1969 by The Viking Press, Inc.
Introduction by Phyllis Tickle © 2005 Loyola Press
A strange peace settled over me as I began to read Rumer Godden’s In This House of Brede. From the first page to the last, amid all the turmoil and joy to be found in this cloistered community, this peace settled down and never left me. And more than that, it took me by surprise, I who subsist mostly on exciting and adventuresome literature.
I admire contemplatives. I loved, and continue to love, reading Thomas Merton; and about our saints and blesseds. But for myself, I have this nagging voice that tells me to get up and get going, and any time spent reading and relaxing is stolen from the important works and days of my life. And then the bell rings for nones and I am settled as a mist in the quiet valley.
Philippa Talbot, successful, professional, talented, approaching middle age, is the protagonist of In This House of Brede. She has risen up the ranks of England’s civil service to be one of the first and most influential women in her department. Well-educated, well-traveled, and well-heeled, Philippa has settled in to a life that many aspire to but few achieve. She is widowed (he died in the Second World War), and while she has a platonic and satisfying friendship with a sympathetic and charming married man, they were once lovers. All this is hers, and then she gives it up to live the life of a cloistered nun in a Benedictine abbey.
While it may seem sudden, her entrance to this new life is a long, inexorable progress to fulfillment through loss, and gain through abnegation.
Those of us who have never visited an abbey may imagine this life as serene, ordered, and deliberate…maybe what we have read about or seen in films. But I should have known that we may leave the world, but the world doesn’t leave us. All the human frailties can be found at Brede…even so can all the human perfections be found there as well. The running of an abbey of 90 nuns is as complicated as any corporation, and so it is with Brede: kitchen, bakery, sewing rooms, fields, orchards, buildings, living quarters, offices. And accomplished with what a corporation might have for petty cash.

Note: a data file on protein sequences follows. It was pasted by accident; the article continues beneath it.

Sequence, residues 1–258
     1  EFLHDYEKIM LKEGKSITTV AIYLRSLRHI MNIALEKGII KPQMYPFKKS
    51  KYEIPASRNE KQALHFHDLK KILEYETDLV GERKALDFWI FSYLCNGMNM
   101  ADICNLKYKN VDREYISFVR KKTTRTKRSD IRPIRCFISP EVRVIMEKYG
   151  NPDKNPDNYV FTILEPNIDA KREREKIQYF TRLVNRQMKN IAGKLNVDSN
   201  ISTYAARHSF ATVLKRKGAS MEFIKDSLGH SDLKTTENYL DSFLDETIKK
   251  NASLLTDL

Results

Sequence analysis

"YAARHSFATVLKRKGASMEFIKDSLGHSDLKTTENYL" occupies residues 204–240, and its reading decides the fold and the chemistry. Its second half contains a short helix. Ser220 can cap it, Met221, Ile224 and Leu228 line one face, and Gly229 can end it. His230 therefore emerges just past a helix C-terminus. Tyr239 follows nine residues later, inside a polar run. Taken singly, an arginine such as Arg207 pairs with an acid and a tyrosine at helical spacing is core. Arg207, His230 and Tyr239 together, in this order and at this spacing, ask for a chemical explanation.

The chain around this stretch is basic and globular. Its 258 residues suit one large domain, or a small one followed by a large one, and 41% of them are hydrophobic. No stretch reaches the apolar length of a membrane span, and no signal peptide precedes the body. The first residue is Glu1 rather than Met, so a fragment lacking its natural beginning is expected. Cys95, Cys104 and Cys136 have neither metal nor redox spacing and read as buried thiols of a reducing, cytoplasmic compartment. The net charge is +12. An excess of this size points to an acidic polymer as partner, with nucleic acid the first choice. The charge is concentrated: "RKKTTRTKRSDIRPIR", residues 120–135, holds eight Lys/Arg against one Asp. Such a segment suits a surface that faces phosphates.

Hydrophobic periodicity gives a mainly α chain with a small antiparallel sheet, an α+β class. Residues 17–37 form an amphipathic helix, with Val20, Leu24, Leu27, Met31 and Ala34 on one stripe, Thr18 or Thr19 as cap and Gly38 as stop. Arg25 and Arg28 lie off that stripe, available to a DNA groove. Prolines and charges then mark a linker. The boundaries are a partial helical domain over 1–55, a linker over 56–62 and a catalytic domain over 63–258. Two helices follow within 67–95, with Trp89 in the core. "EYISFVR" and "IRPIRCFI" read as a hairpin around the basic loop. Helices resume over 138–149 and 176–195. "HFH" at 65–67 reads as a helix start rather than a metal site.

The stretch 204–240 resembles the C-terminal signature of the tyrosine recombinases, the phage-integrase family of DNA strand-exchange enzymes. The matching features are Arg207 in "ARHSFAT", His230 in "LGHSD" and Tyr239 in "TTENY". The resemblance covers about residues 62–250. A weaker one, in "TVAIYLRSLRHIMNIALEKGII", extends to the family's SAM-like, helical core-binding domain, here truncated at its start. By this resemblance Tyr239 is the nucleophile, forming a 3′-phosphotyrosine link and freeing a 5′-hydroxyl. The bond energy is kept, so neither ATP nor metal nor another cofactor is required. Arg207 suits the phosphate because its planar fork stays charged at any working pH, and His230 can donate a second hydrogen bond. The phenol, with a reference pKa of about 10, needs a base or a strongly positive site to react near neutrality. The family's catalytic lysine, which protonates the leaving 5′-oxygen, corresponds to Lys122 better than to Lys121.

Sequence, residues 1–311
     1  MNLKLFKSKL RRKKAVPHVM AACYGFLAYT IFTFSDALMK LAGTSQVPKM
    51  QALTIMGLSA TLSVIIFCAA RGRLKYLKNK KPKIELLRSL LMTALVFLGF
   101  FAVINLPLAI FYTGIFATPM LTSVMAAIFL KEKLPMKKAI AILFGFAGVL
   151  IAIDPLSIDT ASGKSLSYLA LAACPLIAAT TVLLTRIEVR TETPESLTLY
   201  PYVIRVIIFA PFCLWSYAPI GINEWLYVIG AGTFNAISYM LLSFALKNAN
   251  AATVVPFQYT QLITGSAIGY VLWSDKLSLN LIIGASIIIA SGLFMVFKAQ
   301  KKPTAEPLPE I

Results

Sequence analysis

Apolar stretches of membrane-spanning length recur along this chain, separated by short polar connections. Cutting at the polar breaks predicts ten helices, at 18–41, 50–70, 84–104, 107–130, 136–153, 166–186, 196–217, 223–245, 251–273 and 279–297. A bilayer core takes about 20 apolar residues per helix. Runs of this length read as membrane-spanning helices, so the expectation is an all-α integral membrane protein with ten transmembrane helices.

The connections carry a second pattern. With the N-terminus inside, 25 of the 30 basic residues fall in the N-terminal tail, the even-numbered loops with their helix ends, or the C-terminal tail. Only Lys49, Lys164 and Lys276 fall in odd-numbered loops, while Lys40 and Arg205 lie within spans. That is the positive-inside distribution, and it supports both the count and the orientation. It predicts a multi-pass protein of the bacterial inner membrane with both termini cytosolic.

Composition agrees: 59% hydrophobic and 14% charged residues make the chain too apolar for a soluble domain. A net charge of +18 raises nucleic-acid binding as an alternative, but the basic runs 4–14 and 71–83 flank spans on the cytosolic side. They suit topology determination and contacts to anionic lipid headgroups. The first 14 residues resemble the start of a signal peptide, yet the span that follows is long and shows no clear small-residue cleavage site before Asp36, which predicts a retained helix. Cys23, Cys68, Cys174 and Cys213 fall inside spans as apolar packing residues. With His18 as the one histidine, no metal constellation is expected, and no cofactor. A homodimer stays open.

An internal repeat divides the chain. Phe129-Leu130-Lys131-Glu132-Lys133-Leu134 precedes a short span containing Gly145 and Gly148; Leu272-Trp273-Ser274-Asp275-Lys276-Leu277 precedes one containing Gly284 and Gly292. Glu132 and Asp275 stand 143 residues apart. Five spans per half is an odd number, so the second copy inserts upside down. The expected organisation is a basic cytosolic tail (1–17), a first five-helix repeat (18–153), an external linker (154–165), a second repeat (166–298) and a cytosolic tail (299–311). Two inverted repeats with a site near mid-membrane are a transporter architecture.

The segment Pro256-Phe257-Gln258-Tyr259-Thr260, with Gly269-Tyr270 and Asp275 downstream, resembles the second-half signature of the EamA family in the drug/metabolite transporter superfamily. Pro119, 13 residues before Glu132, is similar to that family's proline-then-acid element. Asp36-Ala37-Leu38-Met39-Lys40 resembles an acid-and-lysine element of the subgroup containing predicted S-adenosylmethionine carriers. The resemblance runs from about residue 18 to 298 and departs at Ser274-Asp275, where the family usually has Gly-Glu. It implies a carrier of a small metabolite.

Then Godden interweaves the story of a seeker just entering, showing all the fears and expectations she experiences. Then Godden throws real-life personalities into the mix and what a story it becomes! Jealousy, envy, love, admiration, skill, failure, success, tragedy, bliss…and woven through all of that, the love of God and God’s love for us, and how it can frighten or embolden us. While this may be a novel about religious life, the “religious” part is not a shield from the “life” part. But it is a guiding part and a goal as well.
I still find it hard to describe, this “strange peace” that permeates this book and which settles me down every time I pick it up. But part of what came to me is that religious life, contemplative and cloistered life is not “entered in to.” It’s more like the tide. There is a slow and progressive rising, sudden incursions of waves and their retreat, rising to the spring tide level and then just as deliberately falling away until the disorder of the ocean’s floor is visible…and back again. So while there may be joy, there will also be pain. Here, the fulfillment of Ecclesiastes is fully present, and its inevitability is part of what I see as comforting. So the only way to escape is to run full speed into the life.
For a Dominican, there is no more apt description. To be a Dominican means to voyage full speed into life, with God as the wind in your sails.
In This House of Brede is a sea voyage like Melville’s or Dana’s with shoals and deep water, wind and rain, sun and breeze. Its depiction of monastic life is inspiring. Its foundation in the changes within the Roman Catholic Church is brilliant. Its characterization is encyclopedic.
Rumer Godden has given us a book that will certainly prove a beacon in everyone’s quest within their own order, religious or lay or secular. As many reviewers have said, it is one of the few books they go back to time after time. It should be required reading for all monastic orders.